Archive for year 2008

Keys to Game vs. Utah Utes

Well, it’s here. Just like most of us envisioned three months ago. The BYU Cougars and the Utah Utes are heading into the final game of the regular season with the MWC title on the line and a potential BCS invitation looming on the horizon. Never before in the history of this rivalry have both teams been ranked as high as they are this season.

Recent history dictates that we can take everything we know about both teams and throw it out the window. Forget about the rankings, the stats, and the media hype. This rivalry has only had two blowouts in the past 20 years—1989 (BYU 70-31) and 2004 (Utah 52-21). All the other games have been decided by 10 points or fewer. The same goes for home-field advantage. The road team has won 12 times in the past 18 clashes.

As of Friday, the day before the game, Las Vegas oddsmakers have pegged Utah as a four-point favorite.

Three keys to defeat the Utes

1. Play with intense passion. When the Cougars headed into the locker room at halftime last weekend in Colorado Springs losing 14-10 to Air Force, wide receiver Austin Collie called out his teammates for their lack of, among other things, a killer instinct. It worked and the Y scored 21 points in the third quarter to regain the lead for good.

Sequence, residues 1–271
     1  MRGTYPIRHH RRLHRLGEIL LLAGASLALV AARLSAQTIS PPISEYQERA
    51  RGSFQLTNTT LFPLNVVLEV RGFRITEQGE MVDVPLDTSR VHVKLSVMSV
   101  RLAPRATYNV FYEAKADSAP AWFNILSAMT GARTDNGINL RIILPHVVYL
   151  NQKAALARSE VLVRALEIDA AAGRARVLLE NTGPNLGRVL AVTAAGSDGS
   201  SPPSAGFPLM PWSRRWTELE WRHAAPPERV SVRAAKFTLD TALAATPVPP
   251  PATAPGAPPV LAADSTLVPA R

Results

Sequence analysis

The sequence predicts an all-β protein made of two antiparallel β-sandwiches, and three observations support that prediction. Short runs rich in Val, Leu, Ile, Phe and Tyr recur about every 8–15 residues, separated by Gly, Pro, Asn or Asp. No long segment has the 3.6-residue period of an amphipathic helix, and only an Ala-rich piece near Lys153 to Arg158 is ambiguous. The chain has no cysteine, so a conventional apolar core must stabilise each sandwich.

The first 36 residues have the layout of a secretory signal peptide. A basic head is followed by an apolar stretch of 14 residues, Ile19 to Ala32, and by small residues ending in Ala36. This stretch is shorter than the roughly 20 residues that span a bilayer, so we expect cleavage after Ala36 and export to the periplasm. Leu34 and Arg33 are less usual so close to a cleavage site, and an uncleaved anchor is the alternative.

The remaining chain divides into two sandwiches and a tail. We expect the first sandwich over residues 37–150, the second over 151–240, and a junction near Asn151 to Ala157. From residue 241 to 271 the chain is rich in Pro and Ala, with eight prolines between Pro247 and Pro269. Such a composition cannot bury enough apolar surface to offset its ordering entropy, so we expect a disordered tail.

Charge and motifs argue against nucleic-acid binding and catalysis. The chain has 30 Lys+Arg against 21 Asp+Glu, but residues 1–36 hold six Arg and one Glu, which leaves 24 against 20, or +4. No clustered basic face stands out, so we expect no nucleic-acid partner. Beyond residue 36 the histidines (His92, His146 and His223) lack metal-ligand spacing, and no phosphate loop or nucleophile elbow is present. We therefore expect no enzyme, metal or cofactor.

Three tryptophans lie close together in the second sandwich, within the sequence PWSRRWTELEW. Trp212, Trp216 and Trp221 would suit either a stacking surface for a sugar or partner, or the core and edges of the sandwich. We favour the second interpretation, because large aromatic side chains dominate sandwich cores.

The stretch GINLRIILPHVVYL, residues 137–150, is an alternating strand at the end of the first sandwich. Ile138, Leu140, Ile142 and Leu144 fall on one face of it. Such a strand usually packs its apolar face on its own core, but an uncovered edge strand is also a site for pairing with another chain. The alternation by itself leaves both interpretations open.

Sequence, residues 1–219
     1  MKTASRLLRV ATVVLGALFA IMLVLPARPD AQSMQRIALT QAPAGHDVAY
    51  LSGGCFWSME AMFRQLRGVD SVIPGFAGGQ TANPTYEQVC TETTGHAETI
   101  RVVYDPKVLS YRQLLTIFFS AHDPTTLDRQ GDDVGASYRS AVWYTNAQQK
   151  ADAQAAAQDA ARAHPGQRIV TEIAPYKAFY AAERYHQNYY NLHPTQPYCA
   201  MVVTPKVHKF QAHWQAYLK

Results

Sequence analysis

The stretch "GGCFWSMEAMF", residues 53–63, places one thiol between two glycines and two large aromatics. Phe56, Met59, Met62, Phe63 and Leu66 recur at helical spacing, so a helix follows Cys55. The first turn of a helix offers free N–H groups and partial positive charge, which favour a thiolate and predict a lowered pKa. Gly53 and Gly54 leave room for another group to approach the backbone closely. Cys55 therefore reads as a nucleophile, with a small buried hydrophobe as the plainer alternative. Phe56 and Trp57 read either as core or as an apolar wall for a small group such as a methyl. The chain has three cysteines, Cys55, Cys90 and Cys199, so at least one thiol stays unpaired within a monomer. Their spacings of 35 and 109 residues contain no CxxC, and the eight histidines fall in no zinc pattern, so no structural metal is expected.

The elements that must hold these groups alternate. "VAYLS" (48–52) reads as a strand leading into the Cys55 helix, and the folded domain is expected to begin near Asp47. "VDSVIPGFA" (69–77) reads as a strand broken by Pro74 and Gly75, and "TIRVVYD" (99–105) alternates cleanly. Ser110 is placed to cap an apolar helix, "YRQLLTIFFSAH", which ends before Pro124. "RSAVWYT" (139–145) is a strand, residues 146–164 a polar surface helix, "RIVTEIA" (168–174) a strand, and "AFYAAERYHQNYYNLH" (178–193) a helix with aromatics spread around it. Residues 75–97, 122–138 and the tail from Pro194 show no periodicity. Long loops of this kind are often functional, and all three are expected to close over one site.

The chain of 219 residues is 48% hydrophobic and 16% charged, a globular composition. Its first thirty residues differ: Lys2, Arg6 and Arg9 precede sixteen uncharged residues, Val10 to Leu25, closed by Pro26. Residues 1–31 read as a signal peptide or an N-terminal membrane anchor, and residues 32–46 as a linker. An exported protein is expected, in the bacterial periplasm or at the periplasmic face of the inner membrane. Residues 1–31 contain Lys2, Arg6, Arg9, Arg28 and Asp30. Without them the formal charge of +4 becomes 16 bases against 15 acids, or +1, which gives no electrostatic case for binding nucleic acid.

Whatever it takes, the Cougars need to play with fire in their bellies on Saturday–the kind that keeps them fighting until the final tick of the game clock is expired. With their perfect season on the line, you can bet the Utes will play with a maniacal attitude and fight to the finish.

2. Rule the day with the big play. In a game as closely matched as this one appears to be, the outcome will likely come down to which team makes more big plays than the other.

The psychological element of the big play is huge, especially in a rivalry game where the home crowd can be whipped into a furious frenzy or muffled in groans. Every time the Cougars can manage to pull off a long gainer for a score, force a turnover, or stuff a key third-down conversion attempt, they’ll seize the momentum and drive a very sharp and real point of doubt into the heart of the home team and its fans.